What can we learn from this? When speaking or writing on behalf of your company, abide by language rules and conventions. Fumbling your word choice is not an unforgivable sin, but persnickety consumers might overlook a new product to focus on your blatant grammatical error.

Apologize for employee misconduct.

In 2009, Domino’s employees recorded themselves spitting on pizzas and putting cheese up their noses. When the footage went viral, the company’s president immediately fired the employees and apologized in a YouTube video for their unacceptable behavior. He also thanked the online community for notifying Domino’s of the stunt and rolled out new hiring and sanitizing practices to reassure the public of the company’s commitment to hygienic safety. [Related article: Why Every Brand Should Have a YouTube Channel]

What can we learn from this? In this case, we applaud Domino’s for its actions. The company took horrible publicity and turned the situation around with a solid PR response. If your employees deface your business’s name and dignity, fire them and let the public know your actions. Reassure your customers that their safety, sanity and needs come first in your book.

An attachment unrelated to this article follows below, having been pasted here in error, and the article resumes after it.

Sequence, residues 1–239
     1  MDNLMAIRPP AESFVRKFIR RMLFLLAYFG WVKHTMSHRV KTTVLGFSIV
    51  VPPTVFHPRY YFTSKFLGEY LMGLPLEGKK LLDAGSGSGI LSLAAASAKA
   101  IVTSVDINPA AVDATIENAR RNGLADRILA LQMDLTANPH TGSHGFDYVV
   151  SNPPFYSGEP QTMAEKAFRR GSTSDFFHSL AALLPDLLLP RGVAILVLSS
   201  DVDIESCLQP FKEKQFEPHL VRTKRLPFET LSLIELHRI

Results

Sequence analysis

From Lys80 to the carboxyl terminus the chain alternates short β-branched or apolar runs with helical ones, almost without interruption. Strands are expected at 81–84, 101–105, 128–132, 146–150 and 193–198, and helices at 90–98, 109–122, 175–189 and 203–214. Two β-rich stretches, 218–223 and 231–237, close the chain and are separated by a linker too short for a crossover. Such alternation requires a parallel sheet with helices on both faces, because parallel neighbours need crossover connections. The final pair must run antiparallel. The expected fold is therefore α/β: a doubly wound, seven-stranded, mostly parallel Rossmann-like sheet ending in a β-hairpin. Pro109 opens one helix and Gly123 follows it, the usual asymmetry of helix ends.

How to restore your company’s reputation after a PR nightmare

1. Take a step back

When you are in the middle of a PR nightmare, you must take a step back. By examining the overall blunder, you can assess the severity, determine who’s directly responsible, evaluate the facts and back them up with data quickly.

2. Communicate with transparency

Gather the people that mean the most to you, including business partners, investors, stakeholders, employees and valued customers. Tell them as much as possible about the crisis and the action steps you are taking to resolve it. This is not the time to lie or downplay the situation. The more transparent you are before it hits a global audience, the better.

3. Take action

Now that you have all the facts and have told your circle the truth, you must craft a press release through a relevant, trusted outlet. It’s essential to remain genuine throughout the process: whether it was your fault and you take ownership; it wasn’t your fault; or it was a form of mistruth through a media outlet and you need a fresh article written.